Next let’s compare how different transportation modes are prioritized in the two cities. The Chicago Department of Transportation’s recently released Complete Streets Chicago guide establishes a new modal hierarchy, which the Richard M. Daley administration began to explore, but which has been made more explicit and concrete in this latest plan. The document calls for the reprioritization of road user types, valuing the interest interests of pedestrians over all other modes, followed by transit, bicycles, and cars.
Copenhagen claims the Strøget, a pedestrianized street in the medieval city center, is the world’s oldest and longest car-free street at 3.2 km, about 2 miles. Here in the core, walking is an efficient and enjoyable mode. It’s like a year-round version of Open Streets on State Street. Emphasis is placed on invitations to mingle in the public realm, not unlike the original “agora”. Other smaller pedestrian-only streets and squares create havens away from motorized traffic—elements that are largely missing in present-day Chicago.
Bicycle infrastructure design
Copenhagen is an established “city for cyclists.” Whereas CDOT is increasing the number of streets with bicycle facilities, every road in Copenhagen is a cycling street. If there is no bicycle infrastructure, the speed limit for cars is 30 kilometers-per-hour (19 mph) or less.
These low-speed streets are some of the most inviting roads for walking. They are often lined with cafes and bars with sidewalk seating, boutiques, kiosks, and other pedestrian-oriented businesses. The street becomes a place to linger, not just a place to travel through.
In Chicago, most streets don’t have bike facilities. These range from low-speed, quiet neighborhood streets suitable for cycling, to oversize speedways like Congress Parkway. Despite the recent removal of a travel lane on some blocks and the addition of pedestrian refuge island, Congress is still not attractive for cycling.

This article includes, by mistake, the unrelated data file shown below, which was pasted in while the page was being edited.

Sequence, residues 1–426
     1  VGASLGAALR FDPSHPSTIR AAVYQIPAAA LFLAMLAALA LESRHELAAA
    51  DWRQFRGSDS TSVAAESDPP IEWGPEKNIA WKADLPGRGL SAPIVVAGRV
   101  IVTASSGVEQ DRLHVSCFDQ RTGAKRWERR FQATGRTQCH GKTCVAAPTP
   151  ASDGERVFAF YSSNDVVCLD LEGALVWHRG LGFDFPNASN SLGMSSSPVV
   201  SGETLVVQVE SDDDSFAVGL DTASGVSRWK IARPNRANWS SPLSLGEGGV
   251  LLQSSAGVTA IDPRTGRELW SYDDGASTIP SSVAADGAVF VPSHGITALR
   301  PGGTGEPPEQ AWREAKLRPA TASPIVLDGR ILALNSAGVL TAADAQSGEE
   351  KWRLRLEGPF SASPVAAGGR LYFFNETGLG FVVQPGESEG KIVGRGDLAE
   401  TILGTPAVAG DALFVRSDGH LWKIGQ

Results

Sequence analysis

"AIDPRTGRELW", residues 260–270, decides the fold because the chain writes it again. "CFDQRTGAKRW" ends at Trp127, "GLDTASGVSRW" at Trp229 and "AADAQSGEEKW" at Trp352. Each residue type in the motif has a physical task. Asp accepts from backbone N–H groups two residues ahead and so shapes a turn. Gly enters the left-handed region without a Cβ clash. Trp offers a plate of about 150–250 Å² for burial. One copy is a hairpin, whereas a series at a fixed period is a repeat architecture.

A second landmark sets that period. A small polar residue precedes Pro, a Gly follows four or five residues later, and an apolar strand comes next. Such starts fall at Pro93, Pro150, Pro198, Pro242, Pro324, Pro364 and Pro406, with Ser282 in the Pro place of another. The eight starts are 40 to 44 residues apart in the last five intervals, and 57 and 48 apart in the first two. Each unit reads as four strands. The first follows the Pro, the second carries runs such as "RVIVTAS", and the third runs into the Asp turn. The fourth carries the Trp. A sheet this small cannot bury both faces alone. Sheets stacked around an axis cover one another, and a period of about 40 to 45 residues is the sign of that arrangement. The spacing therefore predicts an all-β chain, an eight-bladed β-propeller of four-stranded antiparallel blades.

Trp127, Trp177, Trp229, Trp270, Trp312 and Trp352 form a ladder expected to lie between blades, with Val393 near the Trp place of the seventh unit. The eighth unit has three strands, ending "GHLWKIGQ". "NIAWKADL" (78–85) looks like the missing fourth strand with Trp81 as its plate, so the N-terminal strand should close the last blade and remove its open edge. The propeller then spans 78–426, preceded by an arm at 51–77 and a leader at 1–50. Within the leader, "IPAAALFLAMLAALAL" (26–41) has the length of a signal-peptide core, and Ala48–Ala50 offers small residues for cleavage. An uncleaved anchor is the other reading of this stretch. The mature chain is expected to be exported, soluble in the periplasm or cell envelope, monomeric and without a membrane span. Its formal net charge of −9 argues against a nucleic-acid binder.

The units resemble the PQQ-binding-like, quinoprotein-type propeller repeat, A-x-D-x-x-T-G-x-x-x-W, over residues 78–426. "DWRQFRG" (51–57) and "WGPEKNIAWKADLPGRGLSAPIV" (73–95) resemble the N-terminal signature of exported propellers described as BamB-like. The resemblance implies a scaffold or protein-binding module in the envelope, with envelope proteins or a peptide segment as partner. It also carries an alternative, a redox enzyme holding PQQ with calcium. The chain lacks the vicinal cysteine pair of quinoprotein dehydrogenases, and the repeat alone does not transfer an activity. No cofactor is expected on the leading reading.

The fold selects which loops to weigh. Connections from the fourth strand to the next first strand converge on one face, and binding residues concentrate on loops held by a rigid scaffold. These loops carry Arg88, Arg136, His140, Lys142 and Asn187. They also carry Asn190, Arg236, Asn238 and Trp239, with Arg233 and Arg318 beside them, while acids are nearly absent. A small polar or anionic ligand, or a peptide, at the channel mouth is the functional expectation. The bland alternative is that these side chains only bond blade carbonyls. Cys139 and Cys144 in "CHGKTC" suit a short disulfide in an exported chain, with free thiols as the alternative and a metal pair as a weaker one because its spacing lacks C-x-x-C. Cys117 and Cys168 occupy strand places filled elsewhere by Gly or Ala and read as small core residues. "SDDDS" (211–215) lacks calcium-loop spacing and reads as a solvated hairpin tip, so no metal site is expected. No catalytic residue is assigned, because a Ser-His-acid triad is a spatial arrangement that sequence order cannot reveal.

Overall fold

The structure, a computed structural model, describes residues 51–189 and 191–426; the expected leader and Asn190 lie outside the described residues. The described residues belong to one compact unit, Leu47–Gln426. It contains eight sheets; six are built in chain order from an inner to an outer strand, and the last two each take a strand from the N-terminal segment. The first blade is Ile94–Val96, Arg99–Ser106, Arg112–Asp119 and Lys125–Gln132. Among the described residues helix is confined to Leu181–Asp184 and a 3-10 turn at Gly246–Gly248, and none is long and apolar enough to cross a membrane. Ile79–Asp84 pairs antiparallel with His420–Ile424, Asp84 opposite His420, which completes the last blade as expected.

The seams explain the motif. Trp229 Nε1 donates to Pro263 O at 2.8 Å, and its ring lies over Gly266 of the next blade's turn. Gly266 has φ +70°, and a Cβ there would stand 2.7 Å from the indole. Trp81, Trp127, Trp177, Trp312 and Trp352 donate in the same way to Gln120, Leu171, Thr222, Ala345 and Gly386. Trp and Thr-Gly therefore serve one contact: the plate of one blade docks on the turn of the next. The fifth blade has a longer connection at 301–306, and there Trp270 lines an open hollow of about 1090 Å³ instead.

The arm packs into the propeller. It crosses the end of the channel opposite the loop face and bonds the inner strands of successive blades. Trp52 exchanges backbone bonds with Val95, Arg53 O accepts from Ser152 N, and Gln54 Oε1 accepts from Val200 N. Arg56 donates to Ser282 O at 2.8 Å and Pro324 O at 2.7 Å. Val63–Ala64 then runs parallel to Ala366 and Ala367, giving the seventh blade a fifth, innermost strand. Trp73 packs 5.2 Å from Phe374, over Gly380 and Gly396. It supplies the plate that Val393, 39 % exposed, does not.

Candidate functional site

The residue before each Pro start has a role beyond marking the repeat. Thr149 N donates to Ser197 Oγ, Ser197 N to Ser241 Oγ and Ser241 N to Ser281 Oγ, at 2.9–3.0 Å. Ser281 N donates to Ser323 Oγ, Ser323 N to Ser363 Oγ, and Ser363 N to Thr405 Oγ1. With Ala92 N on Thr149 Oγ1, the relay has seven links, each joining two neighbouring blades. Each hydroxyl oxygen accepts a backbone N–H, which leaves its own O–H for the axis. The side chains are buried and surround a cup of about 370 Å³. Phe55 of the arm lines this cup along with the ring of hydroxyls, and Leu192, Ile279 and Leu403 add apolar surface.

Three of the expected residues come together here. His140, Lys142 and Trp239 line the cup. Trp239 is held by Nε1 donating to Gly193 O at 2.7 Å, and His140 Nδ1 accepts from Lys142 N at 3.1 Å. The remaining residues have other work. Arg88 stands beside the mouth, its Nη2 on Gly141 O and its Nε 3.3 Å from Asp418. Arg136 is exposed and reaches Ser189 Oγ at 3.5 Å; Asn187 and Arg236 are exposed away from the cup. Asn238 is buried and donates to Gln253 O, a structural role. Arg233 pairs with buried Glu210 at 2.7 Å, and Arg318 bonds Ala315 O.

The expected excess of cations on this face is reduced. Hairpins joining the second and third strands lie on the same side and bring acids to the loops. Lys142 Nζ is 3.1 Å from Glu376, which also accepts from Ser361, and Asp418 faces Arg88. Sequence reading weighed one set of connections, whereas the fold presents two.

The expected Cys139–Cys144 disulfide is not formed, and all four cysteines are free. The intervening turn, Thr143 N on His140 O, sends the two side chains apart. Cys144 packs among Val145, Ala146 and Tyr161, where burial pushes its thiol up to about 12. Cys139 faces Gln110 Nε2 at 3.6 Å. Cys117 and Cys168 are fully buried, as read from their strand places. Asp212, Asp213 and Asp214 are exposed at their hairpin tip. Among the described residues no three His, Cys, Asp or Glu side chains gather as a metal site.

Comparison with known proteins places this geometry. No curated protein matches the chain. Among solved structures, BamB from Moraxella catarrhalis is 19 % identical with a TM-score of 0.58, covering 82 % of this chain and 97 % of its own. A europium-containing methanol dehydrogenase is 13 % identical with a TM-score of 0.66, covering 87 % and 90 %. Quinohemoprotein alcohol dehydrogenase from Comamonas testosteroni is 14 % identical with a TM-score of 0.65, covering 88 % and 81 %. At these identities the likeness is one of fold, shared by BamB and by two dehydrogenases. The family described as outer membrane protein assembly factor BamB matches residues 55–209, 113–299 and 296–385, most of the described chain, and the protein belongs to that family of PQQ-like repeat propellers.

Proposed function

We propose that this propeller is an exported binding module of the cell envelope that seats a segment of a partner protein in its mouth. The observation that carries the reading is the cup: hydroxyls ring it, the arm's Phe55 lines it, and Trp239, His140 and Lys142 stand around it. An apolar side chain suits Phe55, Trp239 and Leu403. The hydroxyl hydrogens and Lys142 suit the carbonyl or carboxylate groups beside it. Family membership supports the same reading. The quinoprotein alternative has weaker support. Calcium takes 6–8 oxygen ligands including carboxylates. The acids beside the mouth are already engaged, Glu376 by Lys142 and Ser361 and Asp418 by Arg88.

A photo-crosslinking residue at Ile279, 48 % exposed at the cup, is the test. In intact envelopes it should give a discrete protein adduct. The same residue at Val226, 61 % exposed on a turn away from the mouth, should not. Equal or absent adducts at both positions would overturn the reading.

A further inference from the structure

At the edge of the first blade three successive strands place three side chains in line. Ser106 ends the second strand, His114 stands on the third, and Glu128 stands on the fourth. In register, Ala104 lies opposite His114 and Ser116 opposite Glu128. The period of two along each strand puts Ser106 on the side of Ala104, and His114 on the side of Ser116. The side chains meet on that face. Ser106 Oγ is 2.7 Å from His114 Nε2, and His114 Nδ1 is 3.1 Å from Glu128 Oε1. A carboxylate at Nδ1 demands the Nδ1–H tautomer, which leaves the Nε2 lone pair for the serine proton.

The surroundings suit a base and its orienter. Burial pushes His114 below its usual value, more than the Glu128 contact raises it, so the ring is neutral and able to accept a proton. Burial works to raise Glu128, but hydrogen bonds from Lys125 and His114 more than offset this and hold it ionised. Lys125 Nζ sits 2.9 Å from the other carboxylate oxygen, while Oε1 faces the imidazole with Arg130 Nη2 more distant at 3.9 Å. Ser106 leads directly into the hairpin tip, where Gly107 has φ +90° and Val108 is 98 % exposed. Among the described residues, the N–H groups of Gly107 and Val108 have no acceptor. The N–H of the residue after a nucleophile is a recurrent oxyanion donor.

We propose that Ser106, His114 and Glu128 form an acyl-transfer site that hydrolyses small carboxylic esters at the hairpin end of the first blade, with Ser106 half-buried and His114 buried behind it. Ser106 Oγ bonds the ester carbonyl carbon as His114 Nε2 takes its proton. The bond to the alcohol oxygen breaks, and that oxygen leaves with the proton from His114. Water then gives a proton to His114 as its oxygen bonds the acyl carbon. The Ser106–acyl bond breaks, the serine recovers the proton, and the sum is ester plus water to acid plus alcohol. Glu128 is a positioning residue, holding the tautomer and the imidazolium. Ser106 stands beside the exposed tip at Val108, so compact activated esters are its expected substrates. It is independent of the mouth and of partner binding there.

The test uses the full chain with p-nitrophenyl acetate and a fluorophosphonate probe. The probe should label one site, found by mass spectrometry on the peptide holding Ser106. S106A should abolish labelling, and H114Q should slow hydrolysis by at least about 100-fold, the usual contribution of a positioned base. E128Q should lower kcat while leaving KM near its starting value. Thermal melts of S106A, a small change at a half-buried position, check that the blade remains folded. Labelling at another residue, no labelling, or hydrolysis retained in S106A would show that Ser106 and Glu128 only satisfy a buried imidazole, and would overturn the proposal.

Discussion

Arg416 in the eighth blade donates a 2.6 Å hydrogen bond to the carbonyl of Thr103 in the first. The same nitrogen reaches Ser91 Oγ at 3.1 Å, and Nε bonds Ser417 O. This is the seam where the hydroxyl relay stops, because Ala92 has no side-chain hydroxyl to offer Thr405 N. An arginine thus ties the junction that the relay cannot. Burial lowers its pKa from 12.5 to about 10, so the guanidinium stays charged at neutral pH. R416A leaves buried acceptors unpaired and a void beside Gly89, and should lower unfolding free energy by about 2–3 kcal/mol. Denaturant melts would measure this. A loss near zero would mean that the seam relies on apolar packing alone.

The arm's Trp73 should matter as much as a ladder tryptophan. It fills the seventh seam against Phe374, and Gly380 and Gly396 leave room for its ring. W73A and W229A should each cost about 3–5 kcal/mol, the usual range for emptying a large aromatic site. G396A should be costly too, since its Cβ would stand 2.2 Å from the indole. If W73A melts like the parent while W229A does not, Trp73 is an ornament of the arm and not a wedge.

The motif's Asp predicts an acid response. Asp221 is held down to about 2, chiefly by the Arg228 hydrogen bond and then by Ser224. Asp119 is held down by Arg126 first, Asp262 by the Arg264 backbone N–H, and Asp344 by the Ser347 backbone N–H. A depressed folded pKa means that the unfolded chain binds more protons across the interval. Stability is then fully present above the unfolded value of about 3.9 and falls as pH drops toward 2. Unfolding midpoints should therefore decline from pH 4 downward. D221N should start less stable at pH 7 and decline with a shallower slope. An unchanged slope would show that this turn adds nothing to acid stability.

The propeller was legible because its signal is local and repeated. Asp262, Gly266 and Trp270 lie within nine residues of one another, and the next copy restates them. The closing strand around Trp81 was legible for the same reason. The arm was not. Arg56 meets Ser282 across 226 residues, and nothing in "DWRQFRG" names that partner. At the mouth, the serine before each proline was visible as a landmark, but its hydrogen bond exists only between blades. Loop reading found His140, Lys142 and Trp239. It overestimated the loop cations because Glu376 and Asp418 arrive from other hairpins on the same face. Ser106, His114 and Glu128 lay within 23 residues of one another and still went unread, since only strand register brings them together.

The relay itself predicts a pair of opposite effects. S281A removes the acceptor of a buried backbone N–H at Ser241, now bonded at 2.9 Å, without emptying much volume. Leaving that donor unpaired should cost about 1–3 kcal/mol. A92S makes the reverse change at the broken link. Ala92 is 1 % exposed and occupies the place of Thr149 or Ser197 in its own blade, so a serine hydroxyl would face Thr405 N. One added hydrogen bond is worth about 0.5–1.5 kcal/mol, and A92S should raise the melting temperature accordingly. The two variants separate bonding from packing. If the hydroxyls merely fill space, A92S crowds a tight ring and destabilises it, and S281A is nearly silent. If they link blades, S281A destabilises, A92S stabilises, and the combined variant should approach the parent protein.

The Streets for Cycling Plan 2020 groups Chicago’s planned bike routes into three categories: Neighborhood Routes, Crosstown Routes, and Spoke Routes. Of the four different bikeway design types — protected bike lanes, buffered bike lanes, traditional bike lanes, and marked shared routes — protected lanes are preferred on Crosstown Routes and Spoke Routes, while bike boulevard treatments are preferred for Neighborhood Routes.
Riding Chicago’s protected and buffered lanes, one sees that the design type is actually quite varied. In Copenhagen, cycle tracks are always located to the right of parked cars. In contrast, many of Chicago’s so-called protected lanes include sections where the bike lane is located in the “door zone” to the left of the parking lane. On the new stretch of protected lanes on Milwaukee Avenue between Kinzie Street and Elston Avenue, for example, the bicycle lane’s location alternates between the left and right sides of parked cars.
Chicago street surfaces also lack uniformity. I recently counted 107 manhole covers along the two-way protected bike lanes on Dearborn Street between Polk Street and Kinzie. Even with new striping, lane painting, and political support, old potholes remain. Like jousting with car traffic, this is something Copenhagen cyclists do not need to make an effort to avoid; they rarely exist.
In Copenhagen, conflicts between bicyclists and motorists are unusual. Even on the massive HC Andersen Boulevard, similar to Michigan Ave, cyclists are protected from cars on cycle track. Chicagoans who visit Copenhagen experience massive culture shock when they discover that everyone from pedestrians to sports car drivers to truckers yields to cyclists. That never gets old.